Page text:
It's not just the NFL. On Monday, an L.A. Superior Court judge ruled that Los Angeles Kings hockey player Slava Voynov will stand trial on a felony domestic violence charge for assaulting his wife, Marta Varlamova, saying there was enough evidence in the preliminary hearing for a trial. The story has eerie parallels to the Ray Rice elevator abuse incident, but despite its graphic details being public knowledge, Voynov's case hasn't gained anywhere close to as much attention.
Voynov is a professional hockey player in the NHL and is accused of beating his wife in an October incident. Afterward, Voynov was suspended without pay from the NHL. As with Rice, Voynov's team, the Los Angeles Kings, have remained publicly supportive of the NHL's decision and privately supportive of Voynov: On December 2, the team let Voynov skate with them, and were promptly fined $100,000. In November, manager Dean Lombadi told the OC Register: "My biggest concern is that if he is charged with a felony, this one incident could jeopardize Slava’s entire career."
According to testimony during the hearing, Voynov threw his wife on the ground before repeatedly kicking her body and choking her multiple times. During the hearing, Redondo Beach Police Officer Gregory Wiist, who was the only witness, gave testimony of his interview with Varlamova in October following the incident.
Although Varlamova was absent at the hearing, she issued a statement via her lawyer regarding the decision to charge 24-year-old Voynov:
Marta was stunned by the news today and she is devastated. She did not believe, and does not believe, that her husband intended to injure her and she believes that he is not guilty of any crime. She is worried about her family's privacy and concerned that she and her family are going to be subjected to ridicule, embarrassment and hatred because of this decision. In fact, she has already seen that beginning to happen. It is unfortunate that no one seemed to care what she wants, and that the authorities gave little or no weight to her view of the facts of the case. Despite this unwelcome news, she still expects her husband to be cleared of any criminal wrongdoing.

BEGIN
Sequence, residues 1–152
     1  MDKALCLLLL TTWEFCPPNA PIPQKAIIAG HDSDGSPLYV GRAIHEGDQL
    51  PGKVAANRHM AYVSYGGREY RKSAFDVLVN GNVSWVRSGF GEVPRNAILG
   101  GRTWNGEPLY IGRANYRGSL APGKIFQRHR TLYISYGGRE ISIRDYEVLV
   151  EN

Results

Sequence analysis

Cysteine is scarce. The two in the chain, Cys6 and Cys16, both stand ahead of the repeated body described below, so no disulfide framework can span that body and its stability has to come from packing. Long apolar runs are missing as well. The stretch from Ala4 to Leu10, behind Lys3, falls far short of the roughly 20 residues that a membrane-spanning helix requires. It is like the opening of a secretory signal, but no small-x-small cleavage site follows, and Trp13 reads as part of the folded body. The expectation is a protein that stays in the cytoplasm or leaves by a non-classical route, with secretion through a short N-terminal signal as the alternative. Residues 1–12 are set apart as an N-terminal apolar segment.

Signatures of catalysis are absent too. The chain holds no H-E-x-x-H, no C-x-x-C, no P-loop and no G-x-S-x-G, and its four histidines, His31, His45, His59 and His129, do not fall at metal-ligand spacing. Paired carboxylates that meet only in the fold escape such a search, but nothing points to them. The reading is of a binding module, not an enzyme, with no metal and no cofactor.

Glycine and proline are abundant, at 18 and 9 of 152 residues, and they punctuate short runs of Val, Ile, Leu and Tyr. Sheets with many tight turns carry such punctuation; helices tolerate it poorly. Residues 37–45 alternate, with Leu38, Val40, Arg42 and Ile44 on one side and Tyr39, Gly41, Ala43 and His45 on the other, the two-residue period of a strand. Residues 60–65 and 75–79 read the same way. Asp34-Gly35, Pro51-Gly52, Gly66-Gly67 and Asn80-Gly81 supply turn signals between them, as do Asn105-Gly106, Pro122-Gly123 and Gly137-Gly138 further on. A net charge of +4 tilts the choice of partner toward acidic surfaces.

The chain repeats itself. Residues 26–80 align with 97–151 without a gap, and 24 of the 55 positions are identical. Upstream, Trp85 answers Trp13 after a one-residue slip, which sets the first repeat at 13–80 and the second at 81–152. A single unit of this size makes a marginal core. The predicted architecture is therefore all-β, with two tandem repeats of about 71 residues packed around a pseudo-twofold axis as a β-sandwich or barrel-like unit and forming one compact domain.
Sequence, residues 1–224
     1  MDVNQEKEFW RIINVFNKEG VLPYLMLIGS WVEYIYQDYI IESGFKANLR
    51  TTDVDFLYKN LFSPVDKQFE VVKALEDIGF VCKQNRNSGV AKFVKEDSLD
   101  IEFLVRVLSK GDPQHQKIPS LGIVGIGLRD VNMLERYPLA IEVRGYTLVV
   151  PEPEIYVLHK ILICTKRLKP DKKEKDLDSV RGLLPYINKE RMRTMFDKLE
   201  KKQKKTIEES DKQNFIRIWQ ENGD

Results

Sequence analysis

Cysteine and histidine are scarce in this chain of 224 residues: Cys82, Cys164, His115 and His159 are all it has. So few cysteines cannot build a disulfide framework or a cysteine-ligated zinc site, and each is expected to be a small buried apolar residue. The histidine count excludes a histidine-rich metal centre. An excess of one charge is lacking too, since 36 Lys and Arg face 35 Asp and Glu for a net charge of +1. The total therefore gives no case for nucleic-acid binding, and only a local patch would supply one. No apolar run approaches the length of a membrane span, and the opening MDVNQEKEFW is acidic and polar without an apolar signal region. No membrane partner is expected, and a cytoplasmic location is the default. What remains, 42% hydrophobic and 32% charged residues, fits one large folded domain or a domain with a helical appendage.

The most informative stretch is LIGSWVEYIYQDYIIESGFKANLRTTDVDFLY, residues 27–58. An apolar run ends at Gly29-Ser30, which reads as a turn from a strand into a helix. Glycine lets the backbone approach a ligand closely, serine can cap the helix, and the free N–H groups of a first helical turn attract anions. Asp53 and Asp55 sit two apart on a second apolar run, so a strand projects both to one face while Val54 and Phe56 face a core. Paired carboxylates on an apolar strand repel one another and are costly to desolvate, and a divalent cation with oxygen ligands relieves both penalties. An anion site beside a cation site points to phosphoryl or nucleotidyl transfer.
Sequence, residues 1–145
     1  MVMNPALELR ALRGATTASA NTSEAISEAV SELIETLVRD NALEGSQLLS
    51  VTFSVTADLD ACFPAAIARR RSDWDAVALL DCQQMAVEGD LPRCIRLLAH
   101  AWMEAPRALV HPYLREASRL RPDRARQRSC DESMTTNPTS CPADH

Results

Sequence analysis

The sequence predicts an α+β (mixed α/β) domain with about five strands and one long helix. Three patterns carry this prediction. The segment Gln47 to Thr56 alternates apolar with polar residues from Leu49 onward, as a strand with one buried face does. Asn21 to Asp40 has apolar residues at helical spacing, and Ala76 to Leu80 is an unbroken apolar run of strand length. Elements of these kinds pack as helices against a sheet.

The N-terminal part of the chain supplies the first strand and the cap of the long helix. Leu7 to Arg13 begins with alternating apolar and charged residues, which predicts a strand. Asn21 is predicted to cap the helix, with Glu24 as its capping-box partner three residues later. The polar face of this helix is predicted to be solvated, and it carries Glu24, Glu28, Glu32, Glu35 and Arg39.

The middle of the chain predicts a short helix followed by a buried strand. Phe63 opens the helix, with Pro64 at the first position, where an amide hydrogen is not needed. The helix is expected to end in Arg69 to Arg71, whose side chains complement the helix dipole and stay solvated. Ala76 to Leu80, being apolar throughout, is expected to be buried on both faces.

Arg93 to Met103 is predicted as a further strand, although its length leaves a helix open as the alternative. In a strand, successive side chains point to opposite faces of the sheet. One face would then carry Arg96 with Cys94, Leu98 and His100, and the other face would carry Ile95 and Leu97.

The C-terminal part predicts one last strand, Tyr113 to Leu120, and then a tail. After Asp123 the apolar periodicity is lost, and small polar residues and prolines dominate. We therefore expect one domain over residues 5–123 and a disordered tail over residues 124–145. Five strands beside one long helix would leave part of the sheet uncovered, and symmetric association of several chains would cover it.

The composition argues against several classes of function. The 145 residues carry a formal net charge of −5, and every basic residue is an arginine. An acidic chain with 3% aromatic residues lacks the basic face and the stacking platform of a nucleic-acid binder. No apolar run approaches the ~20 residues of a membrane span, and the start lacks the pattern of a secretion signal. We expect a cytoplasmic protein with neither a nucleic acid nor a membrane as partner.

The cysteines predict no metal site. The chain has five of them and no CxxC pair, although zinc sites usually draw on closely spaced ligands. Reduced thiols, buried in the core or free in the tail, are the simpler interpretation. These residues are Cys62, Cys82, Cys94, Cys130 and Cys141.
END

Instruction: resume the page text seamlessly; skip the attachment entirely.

The defenseman said that the police officer's conversation with his wife was mistranslated because Varlamova's first language is Russian, not English. Attorneys for both parties have repeatedly classified the incident as an "accident," reported Nathan Fenno at the Los Angeles Times.
But Wiist's testimony was horrifying in its detail, and painted a vastly different picture than what Voynov and his lawyer have been saying. According to the officer, Varlamova was bleeding and distraught throughout the interview. Fenno live-tweeted the testimony during the hearing.
If convicted, the native Russian could spend up to nine years in prison and face deportation. Varlamova is currently still living with Voynov, and has turned down a protective order against him. According to SB Nation, she had also told the district attorney that she hoped her husband will not be pressed for charges.
Both parties are trying to play down the incident — as well as the upcoming trial and its charges — but the huge disparity between what both Varlamova and Voynoy involved have said and Wiist's testimony hint at a fabrication of facts on someone's part. While the NHL might not be as widely followed as the NFL, if Voynov is ultimately found guilty, the NHL will have to tread carefully — read: do the right thing — in the repercussions they dole out.
The NFL didn't dole out the punishment Ray Rice deserved, and was justly slammed for it; hopefully, the NHL and the Los Angeles Kings won't make the same mistake.
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